Proverbs 17:17 reads, “A friend loveth at all times and a brother is born for adversity.” What does this mean to the child of God? Brothers don’t get along well. But friends love at all times. They don’t fight. They love each other and desire to be together.
Love is one of the many virtues that result from that all-important virtue friendship. You can’t possibly have a friendship without love. This means that love is shown in joy, sorrow and sin, as Proverbs tells us, at all times.
What exactly is friendship? There are many definitions of the term. Often, it is used in a very broad sense, for example, you might say, “I don’t know her very well, but she’s my friend.” There the better term may be “acquaintance.” Others view the term friendship as a relationship of strong bonds between two or more people. Bonds symbolize glue, and glue sticks things together. This indicates that true Christian friends can tell each other everything and trust the person to keep it a secret. Friends – true friends – don’t laugh or mock when you have a problem. They sit down with you – and a Bible – and help you to solve your problem in the light of God’s Word.
The Biblical definition of friendship goes something like this: The covenant of grace which God shares with His people in love through Christ. We are called as Christians to pattern our friendships after this one perfect friendship.
Just the other day, I had the opportunity to talk to a person in this school about what friendship meant to her. Friendship meant having one especially close person who is “best” friends only with you. That person is someone you can tell everything and who will understand and not laugh. Someone who is a Christian and who believes what you believe. Someone who won’t participate in the worldly sins such as movies, dancing, drugs and drinking. That’s true friendship.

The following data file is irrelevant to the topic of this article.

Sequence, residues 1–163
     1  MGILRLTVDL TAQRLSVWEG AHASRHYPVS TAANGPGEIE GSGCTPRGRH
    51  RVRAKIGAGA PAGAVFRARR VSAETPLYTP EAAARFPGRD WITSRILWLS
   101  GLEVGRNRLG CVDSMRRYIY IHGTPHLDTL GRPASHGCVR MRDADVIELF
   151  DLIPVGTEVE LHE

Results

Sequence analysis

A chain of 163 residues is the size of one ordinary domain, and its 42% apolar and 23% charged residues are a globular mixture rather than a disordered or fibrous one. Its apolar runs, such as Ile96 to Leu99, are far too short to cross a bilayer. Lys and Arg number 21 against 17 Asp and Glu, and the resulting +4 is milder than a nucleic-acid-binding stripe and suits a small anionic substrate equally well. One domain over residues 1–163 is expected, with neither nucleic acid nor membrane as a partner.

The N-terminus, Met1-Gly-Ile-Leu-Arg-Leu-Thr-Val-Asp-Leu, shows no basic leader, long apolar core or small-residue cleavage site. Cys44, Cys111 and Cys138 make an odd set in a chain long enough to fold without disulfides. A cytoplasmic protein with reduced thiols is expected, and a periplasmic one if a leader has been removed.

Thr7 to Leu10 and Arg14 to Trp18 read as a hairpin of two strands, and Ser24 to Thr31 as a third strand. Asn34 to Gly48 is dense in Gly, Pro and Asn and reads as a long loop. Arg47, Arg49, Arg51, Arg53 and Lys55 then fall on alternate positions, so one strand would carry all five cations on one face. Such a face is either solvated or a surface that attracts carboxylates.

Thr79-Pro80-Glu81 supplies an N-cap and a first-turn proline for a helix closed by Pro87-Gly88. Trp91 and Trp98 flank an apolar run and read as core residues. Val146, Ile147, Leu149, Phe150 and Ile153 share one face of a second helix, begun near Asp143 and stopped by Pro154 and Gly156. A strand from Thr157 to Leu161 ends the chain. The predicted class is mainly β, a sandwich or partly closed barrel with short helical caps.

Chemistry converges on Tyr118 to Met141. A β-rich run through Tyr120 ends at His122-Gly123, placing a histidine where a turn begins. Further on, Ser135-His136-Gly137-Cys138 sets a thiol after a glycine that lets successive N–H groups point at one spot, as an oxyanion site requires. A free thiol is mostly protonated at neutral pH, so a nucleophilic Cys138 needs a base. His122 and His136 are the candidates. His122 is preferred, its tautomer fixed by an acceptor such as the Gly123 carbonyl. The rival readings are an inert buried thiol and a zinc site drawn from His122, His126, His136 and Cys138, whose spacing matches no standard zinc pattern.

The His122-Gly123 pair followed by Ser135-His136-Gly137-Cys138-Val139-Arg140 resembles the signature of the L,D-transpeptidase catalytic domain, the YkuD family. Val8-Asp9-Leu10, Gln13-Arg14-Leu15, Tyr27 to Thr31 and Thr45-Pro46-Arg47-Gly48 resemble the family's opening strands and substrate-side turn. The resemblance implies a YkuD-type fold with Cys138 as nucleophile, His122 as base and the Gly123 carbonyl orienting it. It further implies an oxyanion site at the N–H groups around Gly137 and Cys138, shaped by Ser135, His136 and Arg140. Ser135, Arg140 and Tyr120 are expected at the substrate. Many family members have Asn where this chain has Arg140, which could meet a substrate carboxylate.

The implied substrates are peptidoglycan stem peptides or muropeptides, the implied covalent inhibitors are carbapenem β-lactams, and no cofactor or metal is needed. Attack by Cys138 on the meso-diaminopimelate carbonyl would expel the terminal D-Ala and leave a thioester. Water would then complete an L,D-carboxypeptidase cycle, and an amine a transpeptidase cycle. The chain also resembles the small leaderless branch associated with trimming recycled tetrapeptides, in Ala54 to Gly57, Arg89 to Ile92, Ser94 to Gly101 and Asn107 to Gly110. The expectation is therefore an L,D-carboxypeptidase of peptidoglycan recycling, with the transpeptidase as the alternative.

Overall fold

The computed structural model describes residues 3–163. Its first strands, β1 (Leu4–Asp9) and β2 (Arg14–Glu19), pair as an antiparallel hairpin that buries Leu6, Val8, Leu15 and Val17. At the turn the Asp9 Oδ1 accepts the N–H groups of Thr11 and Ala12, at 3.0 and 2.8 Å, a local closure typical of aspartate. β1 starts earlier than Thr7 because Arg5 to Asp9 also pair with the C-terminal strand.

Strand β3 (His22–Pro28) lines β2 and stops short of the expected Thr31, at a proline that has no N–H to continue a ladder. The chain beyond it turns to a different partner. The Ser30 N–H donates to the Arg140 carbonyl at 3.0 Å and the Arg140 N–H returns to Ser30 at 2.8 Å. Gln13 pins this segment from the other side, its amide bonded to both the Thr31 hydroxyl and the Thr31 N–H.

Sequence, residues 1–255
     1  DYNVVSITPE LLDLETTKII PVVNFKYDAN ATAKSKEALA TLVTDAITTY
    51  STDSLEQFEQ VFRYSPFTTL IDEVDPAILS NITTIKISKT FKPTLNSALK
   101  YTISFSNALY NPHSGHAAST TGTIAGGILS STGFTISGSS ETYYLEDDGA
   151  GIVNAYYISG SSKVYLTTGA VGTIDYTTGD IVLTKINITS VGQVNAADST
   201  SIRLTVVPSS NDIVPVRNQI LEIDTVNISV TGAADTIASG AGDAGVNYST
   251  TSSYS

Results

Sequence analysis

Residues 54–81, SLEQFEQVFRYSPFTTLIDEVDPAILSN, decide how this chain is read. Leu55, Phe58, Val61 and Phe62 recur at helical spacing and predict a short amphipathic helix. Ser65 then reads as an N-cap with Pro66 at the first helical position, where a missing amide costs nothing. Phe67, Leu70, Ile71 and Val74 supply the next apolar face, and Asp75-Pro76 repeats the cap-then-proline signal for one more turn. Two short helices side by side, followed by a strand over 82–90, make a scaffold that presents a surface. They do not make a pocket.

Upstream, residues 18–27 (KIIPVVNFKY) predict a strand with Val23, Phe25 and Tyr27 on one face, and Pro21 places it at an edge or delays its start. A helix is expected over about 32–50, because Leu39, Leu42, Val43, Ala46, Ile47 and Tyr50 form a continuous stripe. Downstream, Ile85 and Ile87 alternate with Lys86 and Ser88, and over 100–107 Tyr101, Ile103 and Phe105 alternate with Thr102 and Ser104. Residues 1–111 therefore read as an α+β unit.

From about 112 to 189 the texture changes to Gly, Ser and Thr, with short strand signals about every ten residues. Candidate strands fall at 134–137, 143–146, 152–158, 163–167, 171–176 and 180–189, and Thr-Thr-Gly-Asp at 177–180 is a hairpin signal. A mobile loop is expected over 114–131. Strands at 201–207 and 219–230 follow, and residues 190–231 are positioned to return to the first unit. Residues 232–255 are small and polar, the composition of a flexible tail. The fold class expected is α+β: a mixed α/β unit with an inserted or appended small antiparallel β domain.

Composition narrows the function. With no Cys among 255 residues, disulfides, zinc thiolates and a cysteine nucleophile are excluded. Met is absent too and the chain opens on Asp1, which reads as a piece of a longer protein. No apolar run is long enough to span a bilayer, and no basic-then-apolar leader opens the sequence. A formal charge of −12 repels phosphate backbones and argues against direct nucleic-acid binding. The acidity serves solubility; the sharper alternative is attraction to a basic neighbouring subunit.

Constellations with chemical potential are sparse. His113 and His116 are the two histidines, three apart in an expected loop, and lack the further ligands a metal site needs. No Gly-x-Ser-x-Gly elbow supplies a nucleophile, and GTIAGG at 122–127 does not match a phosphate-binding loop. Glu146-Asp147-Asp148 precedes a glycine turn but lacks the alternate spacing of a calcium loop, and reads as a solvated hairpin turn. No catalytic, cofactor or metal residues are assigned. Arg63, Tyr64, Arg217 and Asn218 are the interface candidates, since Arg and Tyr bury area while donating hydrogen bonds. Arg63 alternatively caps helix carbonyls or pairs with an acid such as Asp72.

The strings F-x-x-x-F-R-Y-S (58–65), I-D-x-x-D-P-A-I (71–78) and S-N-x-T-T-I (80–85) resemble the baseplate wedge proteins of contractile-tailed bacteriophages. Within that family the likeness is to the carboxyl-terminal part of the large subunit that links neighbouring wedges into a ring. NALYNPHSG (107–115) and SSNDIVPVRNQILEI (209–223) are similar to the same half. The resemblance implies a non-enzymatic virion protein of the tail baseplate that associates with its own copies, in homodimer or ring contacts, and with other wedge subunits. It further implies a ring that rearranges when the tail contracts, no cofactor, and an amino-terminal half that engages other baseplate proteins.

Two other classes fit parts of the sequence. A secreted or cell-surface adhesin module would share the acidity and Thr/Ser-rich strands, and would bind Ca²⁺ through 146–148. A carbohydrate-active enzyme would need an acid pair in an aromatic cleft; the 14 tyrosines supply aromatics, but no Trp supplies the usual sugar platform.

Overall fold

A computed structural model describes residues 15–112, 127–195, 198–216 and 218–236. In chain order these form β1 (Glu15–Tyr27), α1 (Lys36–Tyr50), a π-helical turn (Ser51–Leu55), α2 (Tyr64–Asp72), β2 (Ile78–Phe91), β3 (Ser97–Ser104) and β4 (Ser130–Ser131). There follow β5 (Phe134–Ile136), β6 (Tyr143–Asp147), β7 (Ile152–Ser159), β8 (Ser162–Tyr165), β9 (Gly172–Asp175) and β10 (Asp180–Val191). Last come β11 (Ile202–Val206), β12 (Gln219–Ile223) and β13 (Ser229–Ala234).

Friendship is also caring. I recently read a story in the Reader’s Digest called A Town that Cared. It was about a boy in high school who needed a heart transplant. His community raised $80,000 to pay for his anti-rejection drugs which his insurance wouldn’t cover. In God’s eyes, that is true friendship for He tells us in Matt. 25:40, “In as much as ye have done it unto one of the least of these my brethren, ye have done it unto me.”
These are characteristics of what our friendships should be like, but what are they really like? Our friendships are full of sin. All of us have held grudges and been angry with our friends. There is jealousy and a certain amount of competition. Peer pressure is always a problem. For example, we were once riding in a car full of kids and we passed by Studio 28. Everybody wanted to go in except me and my best friend. These are times when you must stick together and hold up what is right. Proverbs 18:24 states this when it says, “A man that hath friends must show himself friendly: and there is a friend that sticketh closer than a brother.”
Friendships aren’t easy. You have to work hard to make your friendship reflect the love of God and the life of the church. This takes courage and help from all parties involved.
We must pattern our friendships after the most beautiful friendship we know – between God and His church. Ways in which we can do this are to pray for our friends. Seek God’s guidance in our friendships. Discuss God and His church with your friends. This will also benefit your spiritual life. Help each other; don’t try to make each other fall. Stick up for your friends in persecutions and troubles. John 15:13 reads, “Greater love hath no man than this, that a man lay down his life for his friends.” We must show this love to our friends and we will see the greatest of results. Christ loved us so much that He died for us. This is a prime example of love in friendship. Even through our sin He loved us and made us His friends. He tells us in John 15:15 “Henceforth I call you not servants…but I have called you friends.” Let us strive with all our hearts to show this love to our friends at all times.